The persistence of the association between adolescent cannabis use and common mental disorders into young adulthood

Degenhardt, Louisa, Coffey, Carolyn, Romaniuk, Helena, Swift, Wendy, Carlin, John B., Hall, Wayne D. and Patton, George C. (2013) The persistence of the association between adolescent cannabis use and common mental disorders into young adulthood. Addiction, 108 1: 124-133. doi:10.1111/j.1360-0443.2012.04015.x


Author Degenhardt, Louisa
Coffey, Carolyn
Romaniuk, Helena
Swift, Wendy
Carlin, John B.
Hall, Wayne D.
Patton, George C.
Title The persistence of the association between adolescent cannabis use and common mental disorders into young adulthood
Journal name Addiction   Check publisher's open access policy
ISSN 0965-2140
1360-0443
Publication date 2013-01-01
Year available 2012
Sub-type Article (original research)
DOI 10.1111/j.1360-0443.2012.04015.x
Open Access Status Not yet assessed
Volume 108
Issue 1
Start page 124
End page 133
Total pages 10
Place of publication Chichester, West Sussex, United Kingdom
Publisher Wiley-Blackwell
Language eng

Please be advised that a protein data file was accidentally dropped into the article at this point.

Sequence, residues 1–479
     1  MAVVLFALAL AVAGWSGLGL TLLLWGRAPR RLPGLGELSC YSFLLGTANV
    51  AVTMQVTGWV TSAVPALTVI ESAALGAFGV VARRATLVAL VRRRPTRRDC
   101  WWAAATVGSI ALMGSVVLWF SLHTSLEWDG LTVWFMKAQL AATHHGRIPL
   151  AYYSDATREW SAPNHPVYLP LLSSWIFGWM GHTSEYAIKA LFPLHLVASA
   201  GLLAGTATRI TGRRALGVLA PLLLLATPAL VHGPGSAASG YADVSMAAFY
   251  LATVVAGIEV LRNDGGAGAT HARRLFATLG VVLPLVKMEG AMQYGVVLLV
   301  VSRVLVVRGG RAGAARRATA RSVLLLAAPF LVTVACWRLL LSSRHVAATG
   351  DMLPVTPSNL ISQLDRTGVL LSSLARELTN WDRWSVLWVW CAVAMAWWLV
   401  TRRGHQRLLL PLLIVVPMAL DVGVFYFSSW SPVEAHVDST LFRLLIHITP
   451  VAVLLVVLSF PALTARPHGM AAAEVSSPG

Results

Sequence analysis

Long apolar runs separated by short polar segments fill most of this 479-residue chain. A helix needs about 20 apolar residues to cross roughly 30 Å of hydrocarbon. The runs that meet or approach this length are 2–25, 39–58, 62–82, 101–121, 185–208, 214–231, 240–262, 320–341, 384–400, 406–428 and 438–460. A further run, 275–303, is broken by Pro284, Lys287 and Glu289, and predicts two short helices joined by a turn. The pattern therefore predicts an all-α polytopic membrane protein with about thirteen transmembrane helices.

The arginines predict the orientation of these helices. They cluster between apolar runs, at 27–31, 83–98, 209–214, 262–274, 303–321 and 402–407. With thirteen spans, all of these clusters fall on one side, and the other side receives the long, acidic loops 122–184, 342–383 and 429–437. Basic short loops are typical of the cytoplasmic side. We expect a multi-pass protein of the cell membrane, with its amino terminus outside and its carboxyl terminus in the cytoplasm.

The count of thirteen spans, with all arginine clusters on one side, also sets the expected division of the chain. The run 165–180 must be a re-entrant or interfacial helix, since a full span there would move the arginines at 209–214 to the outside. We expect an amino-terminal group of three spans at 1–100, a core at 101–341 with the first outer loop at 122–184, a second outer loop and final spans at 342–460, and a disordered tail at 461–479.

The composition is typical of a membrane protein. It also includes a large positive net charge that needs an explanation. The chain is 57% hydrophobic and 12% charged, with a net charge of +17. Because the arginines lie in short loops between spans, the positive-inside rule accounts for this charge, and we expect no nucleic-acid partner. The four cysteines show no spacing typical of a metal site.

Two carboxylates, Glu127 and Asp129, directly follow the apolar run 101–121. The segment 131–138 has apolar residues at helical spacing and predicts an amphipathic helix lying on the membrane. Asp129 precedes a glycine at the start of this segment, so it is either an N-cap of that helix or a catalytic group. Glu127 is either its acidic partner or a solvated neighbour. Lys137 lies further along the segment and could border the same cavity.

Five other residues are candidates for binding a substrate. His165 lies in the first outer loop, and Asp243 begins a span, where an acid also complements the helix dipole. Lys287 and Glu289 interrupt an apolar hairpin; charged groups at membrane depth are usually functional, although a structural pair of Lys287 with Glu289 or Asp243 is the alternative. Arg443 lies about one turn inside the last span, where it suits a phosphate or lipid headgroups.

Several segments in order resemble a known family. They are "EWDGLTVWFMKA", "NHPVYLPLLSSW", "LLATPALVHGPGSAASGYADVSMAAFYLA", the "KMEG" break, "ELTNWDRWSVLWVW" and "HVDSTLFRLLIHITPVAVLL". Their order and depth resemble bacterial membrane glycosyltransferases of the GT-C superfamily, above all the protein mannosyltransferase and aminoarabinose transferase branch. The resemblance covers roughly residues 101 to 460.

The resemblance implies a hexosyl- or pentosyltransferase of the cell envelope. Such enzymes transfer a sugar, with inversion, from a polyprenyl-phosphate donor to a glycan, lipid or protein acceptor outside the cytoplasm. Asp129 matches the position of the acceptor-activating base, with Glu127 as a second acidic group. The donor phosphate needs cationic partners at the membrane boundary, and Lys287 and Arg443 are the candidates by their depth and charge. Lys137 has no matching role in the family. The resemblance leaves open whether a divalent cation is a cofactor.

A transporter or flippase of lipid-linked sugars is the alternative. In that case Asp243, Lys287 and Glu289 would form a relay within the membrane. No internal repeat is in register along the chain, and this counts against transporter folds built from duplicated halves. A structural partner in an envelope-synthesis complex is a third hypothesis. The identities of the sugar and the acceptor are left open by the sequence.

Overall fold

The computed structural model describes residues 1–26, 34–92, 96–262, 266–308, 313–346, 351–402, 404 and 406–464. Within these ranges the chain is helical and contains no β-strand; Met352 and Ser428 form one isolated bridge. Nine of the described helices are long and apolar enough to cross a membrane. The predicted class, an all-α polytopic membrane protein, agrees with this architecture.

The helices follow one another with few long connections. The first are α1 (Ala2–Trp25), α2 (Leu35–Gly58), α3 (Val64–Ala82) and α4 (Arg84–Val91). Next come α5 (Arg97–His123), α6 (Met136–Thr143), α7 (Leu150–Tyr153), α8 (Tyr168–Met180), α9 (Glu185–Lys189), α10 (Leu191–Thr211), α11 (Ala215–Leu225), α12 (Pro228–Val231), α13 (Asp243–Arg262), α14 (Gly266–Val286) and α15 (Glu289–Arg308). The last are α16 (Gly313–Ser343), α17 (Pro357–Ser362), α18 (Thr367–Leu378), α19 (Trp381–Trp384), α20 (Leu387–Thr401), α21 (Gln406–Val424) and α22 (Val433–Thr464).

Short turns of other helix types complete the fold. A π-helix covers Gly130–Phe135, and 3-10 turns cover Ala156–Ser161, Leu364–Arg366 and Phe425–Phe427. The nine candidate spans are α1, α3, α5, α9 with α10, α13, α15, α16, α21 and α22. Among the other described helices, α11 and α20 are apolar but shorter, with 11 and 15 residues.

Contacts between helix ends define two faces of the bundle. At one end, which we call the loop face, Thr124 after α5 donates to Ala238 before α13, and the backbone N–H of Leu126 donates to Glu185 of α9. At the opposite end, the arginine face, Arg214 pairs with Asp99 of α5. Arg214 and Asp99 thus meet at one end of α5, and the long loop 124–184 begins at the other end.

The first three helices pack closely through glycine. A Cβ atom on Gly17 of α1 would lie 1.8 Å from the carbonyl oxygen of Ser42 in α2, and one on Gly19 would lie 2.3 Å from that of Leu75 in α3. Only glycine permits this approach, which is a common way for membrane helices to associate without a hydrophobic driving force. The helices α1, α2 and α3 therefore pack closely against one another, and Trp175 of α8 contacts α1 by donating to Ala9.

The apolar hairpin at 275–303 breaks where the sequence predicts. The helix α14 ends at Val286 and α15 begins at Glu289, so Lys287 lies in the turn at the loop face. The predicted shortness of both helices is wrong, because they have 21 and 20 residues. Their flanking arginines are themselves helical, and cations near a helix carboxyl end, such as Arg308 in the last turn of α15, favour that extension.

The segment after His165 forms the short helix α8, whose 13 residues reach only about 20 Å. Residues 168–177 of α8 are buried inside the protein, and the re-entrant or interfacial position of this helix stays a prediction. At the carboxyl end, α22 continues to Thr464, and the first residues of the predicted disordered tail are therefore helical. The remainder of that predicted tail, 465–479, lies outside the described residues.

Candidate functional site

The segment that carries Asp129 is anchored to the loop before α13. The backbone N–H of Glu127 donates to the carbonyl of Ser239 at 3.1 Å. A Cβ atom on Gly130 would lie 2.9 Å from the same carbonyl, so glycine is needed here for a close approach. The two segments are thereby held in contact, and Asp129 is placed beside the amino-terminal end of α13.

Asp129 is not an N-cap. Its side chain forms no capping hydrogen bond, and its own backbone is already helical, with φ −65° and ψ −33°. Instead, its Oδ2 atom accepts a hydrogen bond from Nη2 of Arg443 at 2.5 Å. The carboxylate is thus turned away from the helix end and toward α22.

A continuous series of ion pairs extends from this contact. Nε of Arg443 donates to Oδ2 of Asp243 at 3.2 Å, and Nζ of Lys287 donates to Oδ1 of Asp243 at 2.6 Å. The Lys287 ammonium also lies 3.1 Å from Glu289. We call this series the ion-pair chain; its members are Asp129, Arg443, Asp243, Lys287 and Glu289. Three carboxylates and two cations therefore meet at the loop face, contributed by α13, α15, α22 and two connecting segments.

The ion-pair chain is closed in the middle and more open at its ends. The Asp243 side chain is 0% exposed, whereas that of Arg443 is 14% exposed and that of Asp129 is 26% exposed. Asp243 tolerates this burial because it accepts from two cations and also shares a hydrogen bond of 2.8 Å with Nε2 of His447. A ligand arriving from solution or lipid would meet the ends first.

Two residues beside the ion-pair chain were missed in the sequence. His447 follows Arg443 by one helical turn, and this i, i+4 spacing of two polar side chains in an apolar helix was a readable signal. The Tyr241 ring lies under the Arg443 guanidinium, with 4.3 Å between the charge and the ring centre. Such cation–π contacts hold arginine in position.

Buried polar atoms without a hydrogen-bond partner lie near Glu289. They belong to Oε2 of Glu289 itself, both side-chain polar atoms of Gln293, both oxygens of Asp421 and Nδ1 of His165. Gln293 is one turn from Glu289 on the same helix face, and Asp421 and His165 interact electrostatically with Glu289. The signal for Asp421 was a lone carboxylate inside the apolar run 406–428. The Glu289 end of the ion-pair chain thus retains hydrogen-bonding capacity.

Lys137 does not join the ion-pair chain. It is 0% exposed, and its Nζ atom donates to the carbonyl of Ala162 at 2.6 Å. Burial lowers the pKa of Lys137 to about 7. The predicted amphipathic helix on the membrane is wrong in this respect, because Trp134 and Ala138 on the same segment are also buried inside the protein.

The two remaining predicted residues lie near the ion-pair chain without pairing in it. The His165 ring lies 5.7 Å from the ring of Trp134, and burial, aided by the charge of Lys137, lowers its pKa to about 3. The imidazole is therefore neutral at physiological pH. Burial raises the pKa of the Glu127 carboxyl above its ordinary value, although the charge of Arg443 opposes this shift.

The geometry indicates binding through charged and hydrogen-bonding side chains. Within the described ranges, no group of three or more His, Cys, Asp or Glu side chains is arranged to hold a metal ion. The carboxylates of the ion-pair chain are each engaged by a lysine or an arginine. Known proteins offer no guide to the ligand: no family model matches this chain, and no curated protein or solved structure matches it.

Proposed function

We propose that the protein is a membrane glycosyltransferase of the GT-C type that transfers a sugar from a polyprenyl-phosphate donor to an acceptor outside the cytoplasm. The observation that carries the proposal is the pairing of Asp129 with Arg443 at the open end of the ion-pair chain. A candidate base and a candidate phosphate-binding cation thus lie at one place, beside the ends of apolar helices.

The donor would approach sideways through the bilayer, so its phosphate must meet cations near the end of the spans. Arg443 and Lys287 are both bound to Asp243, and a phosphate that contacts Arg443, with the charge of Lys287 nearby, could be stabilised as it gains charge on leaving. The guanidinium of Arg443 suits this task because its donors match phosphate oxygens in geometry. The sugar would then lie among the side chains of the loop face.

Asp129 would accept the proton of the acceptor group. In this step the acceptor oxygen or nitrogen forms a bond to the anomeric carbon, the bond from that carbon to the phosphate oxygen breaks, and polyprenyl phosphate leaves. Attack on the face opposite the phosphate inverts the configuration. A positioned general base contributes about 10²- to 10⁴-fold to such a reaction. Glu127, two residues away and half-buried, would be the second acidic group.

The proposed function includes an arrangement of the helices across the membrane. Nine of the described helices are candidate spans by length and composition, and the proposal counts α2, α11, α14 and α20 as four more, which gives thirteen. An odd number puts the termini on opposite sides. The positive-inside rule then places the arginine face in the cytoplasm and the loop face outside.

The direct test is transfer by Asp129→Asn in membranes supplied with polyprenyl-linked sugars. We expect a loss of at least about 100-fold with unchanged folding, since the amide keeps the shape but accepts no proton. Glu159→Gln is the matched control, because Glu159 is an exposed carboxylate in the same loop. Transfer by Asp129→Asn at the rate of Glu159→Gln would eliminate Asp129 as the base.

Abstract Aims Debate continues about whether the association between cannabis use in adolescence and common mental disorders is causal. Most reports have focused on associations in adolescence, with few studies extending into adulthood. We examine the association from adolescence until the age of 29 years in a representative prospective cohort of young Australians. Design Nine-wave, 15-year representative longitudinal cohort study, with six waves of data collection in adolescence (mean age 14.917.4 years) and three in young adulthood (mean age 20.7, 24.1 and 29.1 years). Participants Participants were a cohort of 1943 recruited in secondary school and surveyed at each wave when possible from mid-teen age to their late 20s. Setting Victoria, Australia. Measurements Psychiatric morbidity was assessed with the Revised Clinical Interview Schedule (CIS-R) at each adolescent wave, and as Composite International Diagnostic Interview (CIDI)-defined ICD-10 major depressive episode and anxiety disorder at 29 years. Frequency of cannabis use was measured in the past 6 months in adolescence. Cannabis use frequency in the last year and DSM-IV cannabis dependence were assessed at 29 years. Cross-sectional and prospective associations of these outcomes with cannabis use and dependence were estimated as odds ratios (OR), using multivariable logistic regression models, with the outcomes of interest, major depressive episode (MDE) and anxiety disorder (AD) at 29 years. Findings There were no consistent associations between adolescent cannabis use and depression at age 29 years. Daily cannabis use was associated with anxiety disorder at 29 years [adjusted OR 2.5, 95% confidence interval (CI):< 1.25.2], as was cannabis dependence (adjusted OR 2.2, 95% CI: 1.14.4). Among weekly+ adolescent cannabis users, those who continued to use cannabis use daily at 29 years remained at significantly increased odds of anxiety disorder (adjusted OR 3.2, 95% CI: 1.19.2). Conclusions Regular (particularly daily) adolescent cannabis use is associated consistently with anxiety, but not depressive disorder, in adolescence and late young adulthood, even among regular users who then cease using the drug. It is possible that early cannabis exposure causes enduring mental health risks in the general cannabis-using adolescent population.